Courses

Microeconomics of Development (Binghamton University)

Semester: 

Fall

Offered: 

2019

This is an advanced undergraduate course covering core topics in the field of development economics. Development Economics studies the economics of human behavior of individuals in developing countries. The course takes a microeconomic perspective and covers state-of-the-art empirical methods for applied microeconomic analysis. The course addresses the microeconomic foundations of development problems and their implications for policy design in different contexts. Three main blocks comprise the course:

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Labor Economics for Developing Countries (Harvard Faculty of Arts and Sciences)

Semester: 

Spring

Offered: 

2014

Labor markets are important, because most people, especially the poor, derive all or the great bulk of their income from the work they do. Labor is the most abundant asset of poor households in developing countries. Developing this asset is therefore essential to helping households move out of poverty. Strengthening the work force can also improve the investment climate, increase economic growth, and prevent instability and violence, particularly in post-conflict situations, where large numbers of unemployed youth threaten security.

The course, intended as a broad survey of labor...

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PED100: Economic Development Policy (Harvard Kennedy School)

Semester: 

Spring

Offered: 

2013

This master's level course explores the microeconomic foundations of economic policymaking in developing countries. Classes will combine economic theory and empirical analysis to better understand the impact of economic development policy on development goals. We will focus on specific examples chosen from cases worldwide to learn which policies have worked, which ones have not, and how a rigorous evaluation of these experiences can inform the design of better economic development policies in the future. The course is organized around four main themes: (1) Human Development (Health,...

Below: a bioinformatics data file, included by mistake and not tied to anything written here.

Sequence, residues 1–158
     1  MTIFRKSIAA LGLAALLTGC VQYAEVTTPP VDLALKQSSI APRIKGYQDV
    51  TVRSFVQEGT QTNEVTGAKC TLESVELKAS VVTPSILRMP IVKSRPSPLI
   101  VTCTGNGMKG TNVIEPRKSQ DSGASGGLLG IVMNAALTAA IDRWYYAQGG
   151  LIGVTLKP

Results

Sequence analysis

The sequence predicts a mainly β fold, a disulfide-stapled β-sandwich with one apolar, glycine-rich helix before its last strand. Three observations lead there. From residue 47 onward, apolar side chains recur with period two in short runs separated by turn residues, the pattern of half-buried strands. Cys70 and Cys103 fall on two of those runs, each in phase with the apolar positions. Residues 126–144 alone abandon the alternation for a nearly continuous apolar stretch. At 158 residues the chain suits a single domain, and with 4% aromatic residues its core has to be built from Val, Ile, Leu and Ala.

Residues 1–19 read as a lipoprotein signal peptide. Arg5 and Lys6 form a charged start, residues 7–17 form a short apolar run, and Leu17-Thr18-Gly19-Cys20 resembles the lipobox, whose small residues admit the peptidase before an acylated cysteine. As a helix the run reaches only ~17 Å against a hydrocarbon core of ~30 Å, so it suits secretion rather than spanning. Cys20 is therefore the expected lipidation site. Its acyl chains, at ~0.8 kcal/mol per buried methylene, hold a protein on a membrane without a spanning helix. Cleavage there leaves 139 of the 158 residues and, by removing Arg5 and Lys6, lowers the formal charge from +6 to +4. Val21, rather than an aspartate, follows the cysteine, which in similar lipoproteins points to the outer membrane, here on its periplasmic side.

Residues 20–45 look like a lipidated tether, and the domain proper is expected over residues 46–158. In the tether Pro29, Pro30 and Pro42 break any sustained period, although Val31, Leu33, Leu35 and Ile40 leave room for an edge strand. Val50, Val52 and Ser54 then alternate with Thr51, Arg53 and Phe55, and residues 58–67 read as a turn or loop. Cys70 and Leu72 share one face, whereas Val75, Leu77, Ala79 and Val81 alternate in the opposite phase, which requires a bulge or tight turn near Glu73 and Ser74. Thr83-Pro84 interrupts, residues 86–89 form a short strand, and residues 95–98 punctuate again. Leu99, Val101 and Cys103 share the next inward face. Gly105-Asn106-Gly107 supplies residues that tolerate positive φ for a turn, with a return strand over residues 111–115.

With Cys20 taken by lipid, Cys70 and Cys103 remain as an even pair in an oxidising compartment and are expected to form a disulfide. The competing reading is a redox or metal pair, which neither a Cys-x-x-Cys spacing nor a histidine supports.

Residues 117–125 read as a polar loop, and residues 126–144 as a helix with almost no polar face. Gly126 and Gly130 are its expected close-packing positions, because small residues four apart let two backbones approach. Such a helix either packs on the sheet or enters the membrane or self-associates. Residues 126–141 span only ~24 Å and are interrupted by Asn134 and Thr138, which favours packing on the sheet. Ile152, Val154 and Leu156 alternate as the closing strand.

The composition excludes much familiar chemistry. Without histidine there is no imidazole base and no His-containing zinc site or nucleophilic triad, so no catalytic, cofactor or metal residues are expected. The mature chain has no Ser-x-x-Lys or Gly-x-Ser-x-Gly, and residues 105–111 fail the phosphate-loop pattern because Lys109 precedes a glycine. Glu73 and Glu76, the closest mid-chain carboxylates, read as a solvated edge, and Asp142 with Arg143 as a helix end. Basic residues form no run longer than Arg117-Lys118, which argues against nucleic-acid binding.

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Labor Markets in Developing Countries (Harvard Faculty of Arts and Sciences)

Semester: 

Spring

Offered: 

2013

This is an undergraduate course in labor economics. The course teaches core topics in the field of labor economics applied to developing countries as well as empirical methods for applied microeconomic analysis.

Labor markets are important, because most people, especially the poor, derive all or most of their income from the work they do. Therefore, labor is an important asset of poor households. Labor markets in developing countries exhibit several interesting stylized facts: a substantial fraction of the poor act as entrepreneurs,  frequent...

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Microeconomics of Health and Development (Harvard Faculty of Arts and Sciences)

Semester: 

Spring

Offered: 

2010

Despite it being a huge humanitarian problem, why is HIV/AIDS the wrong disease to attack in Africa even if the objective is lowering overall HIV prevalence? What do neuroscience and economics have in common? If monthly gym members pay higher fees than annual gym members for the option to cancel each month, why are they much more likely to stay enrolled beyond one year than users committing for a year? If the price for an average meal has stayed relatively stable, how can restaurants afford offering increasingly bigger food portions to their customers? Does poor health cause poverty or...

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World Bank SIEF Impact Evaluation Workshops

Semester: 

Fall

Offered: 

2009

Impact Evaluation measures a program's effectiveness by comparing the target outcomes of beneficiaries against a control group - both before and after project implementation. The central challenge for rigorous evaluations is to develop a credible counterfactual - establishing what would have happened to the beneficiaries had they not been exposed to the program. A reliable counterfactual comes from identifying a comparison (or control) group of participants that is as similar as possible to those benefiting from the program.

Evidence from credible impact evaluations is one of the...

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